Now our Christmas decorating consists of our Halloween decorating, plus a small addition.
Yep. Weird.
Wraith at Christmas
And, yes, that's a Humbug hat.
It's a Tolley thing...
Years ago, for her Theatre Production graduation project, our youngest daughter sculpted a wraith.
You heard correctly.
A wraith.
Nine feet tall and rather spooky looking.
We love it.
It comes out of our back yard every Halloween and is prominently displayed next to the front door.
Where it can scare the cookies out of the little 'trick-or-treaters'.
And where it usually freezes so solidly to the grass that it must remain through Christmas and into the spring thaw.
Sigh.
How do you hide a nine-foot-tall behemoth?
In plain sight.
You can see what I mean.
Yep. Christmas at the Tolleys.
Everyone welcome!

Monday, December 2, 2019

Hum-ming


A hummingbird’s a tiny chap,
Whose minute wings, like lightning flap,
The smallest of the birding world,
Some like a bee with wings unfurled,
Their home is The Americas,
As good a place as ever was,
Specialized nectarivores,
They pollinate the plants by scores.
With wing strokes up to 80 beats
Per second as each deftly eats,
And, holy smoke, their top-est speed
Can 34 miles-per-hour exceed!
And one more thing you'd like to know,
Only they can backward, go.
From Trochilidae family,
Wow! Now you’ve learned a lot from me.
But this is what I’m ‘bout to say,
In my us-u-al long-winded way,
The reason that they’re HUMming birds,
(And this is really quite absurd,)
But according to the reference books,
S’the sound their wingbeats make. Gadzooks!
You have to know, my dad told me,
The actual truth and you’ll agree,
The real reason that they hum,
(And Dad knew everything. And some.)
They hum because those silly birds,
They simply do not know the words!

Cause Mondays to get knocked a lot,
With poetry, we all besought,
To try to make the week begin
With pleasant thoughts,
Perhaps a grin?
So all of us, together, we,
Have crafted poems for you to see.
And now you’ve read what we have wrought…
Did we help?
Or did we not?

Next week, we'll tell you (from our homes)
Our love/hate deal with wretched PHONES.

Third in the series

Third in the series
Deborah. Fugitive of Faith

The Long-Awaited Sequel to Daughter of Ishmael

The Long-Awaited Sequel to Daughter of Ishmael
A House Divided is now available at all fine bookstores and on Amazon.com and .ca!

Daughter of Ishmael

Daughter of Ishmael
Now available at Amazon.com and .ca and Chapters.ca and other fine bookstores.

Romance still wins!

Romance still wins!
First romance in a decade!

Hosts: Your Room's Ready

Hosts: Your Room's Ready
A fun romp through the world's most haunted hotel!

Follow by Email

Hugs, Delivered.

Compass Book Ratings

Compass Book Ratings

Ghost of the Overlook

Ghost of the Overlook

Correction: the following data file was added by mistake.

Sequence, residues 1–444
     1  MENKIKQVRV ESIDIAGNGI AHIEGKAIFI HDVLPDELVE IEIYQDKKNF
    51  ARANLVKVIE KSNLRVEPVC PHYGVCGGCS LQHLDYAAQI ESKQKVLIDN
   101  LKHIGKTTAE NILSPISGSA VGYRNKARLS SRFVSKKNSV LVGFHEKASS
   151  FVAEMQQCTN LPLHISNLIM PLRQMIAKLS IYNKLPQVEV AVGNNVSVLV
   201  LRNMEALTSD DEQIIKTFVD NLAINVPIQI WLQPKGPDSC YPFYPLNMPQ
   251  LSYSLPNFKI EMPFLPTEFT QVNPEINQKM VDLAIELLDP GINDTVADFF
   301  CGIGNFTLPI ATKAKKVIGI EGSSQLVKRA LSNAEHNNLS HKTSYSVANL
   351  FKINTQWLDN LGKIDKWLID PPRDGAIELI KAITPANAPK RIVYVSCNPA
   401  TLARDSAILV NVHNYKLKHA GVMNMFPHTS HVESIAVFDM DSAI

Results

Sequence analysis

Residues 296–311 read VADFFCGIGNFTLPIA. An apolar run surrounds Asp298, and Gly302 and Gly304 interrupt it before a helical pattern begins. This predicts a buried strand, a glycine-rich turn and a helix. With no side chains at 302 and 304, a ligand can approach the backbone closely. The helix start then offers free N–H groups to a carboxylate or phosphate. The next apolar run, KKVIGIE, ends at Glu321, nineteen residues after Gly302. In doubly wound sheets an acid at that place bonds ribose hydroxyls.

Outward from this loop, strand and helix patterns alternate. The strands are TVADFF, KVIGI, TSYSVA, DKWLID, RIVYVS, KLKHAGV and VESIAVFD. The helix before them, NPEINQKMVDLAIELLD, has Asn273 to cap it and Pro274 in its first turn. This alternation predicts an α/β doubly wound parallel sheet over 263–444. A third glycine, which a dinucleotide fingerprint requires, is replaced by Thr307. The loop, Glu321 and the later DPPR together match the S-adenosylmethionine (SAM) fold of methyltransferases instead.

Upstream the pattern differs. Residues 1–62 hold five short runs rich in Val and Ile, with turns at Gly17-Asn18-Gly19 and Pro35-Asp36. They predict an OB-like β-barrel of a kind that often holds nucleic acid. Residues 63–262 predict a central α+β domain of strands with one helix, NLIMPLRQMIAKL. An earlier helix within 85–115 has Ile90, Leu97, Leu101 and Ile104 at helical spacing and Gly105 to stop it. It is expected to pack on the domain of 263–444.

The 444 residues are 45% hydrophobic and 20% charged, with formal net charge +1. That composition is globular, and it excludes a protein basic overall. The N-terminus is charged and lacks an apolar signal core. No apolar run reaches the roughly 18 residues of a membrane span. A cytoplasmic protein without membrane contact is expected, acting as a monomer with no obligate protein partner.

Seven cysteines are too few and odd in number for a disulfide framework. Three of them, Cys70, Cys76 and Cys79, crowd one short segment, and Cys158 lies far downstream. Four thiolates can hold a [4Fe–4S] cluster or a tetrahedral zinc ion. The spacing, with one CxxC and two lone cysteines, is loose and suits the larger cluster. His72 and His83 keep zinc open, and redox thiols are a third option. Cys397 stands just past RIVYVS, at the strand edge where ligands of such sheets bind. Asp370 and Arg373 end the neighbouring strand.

Need a fright?

My Granddaughter is Carrying on the Legacy!

My Granddaughter is Carrying on the Legacy!
New Tween Novel!

Gnome for Christmas

Gnome for Christmas
The newest in my Christmas Series

SnowMan

SnowMan
A heart warming story of love and sacrifice.

Translate

My novel, Carving Angels

My novel, Carving Angels
Read it! You know you want to!

My Second Novel: Kris Kringle's Magic

My Second Novel: Kris Kringle's Magic
What could be better than a second Christmas story?!

Join me on Maven

Connect with me on Maven

Essence

Essence
A scientist and his son struggle to keep their earth-shattering discovery out of the wrong hands.

Essence: A Second Dose

Essence: A Second Dose
Captured and imprisoned, a scientist and his son use their amazing discovery to foil evil plans.

Looking for a Great Read?

E-Books by Diane Stringam Tolley
Available from Smashwords.com

The Babysitter

The Babysitter
A baby-kidnapping ring has its eye on J'Aime and her tiny niece.

Melissa

Melissa
Haunted by her past, Melissa must carve a future. Without Cain.

Devon

Devon
Following tragedy, Devon retreats to the solitude of the prairie. Until a girl is dropped in his lap.

Pearl, Why You Little...

Pearl, Why You Little...
Everyone should spend a little time with Pearl!

The Marketing Mentress

The Marketing Mentress
Building solid relationships with podcast and LinkedIn marketing

Coffee Row

Coffee Row
My Big Brother's Stories

Better Blogger Network

Semper Fidelis

Semper Fidelis
I've been given an award!!!

The Liebster Award

The Liebster Award
My good friend and Amazing Blogger, Marcia of Menopausal Mother awarded me . . .

Irresistibly Sweet Award

Irresistibly Sweet Award
Delores, my good friend from The Feathered Nest, has nominated me!

Sunshine Award!!!

Sunshine Award!!!
My good friend Red from Oz has nominated me!!!

My very own Humorous Blogger Award From Delores at The Feathered Nest!

Be Courageous!


Grab and Add!

Search This Blog

Ghost of the Overlook

Ghost of the Overlook
Need a fright?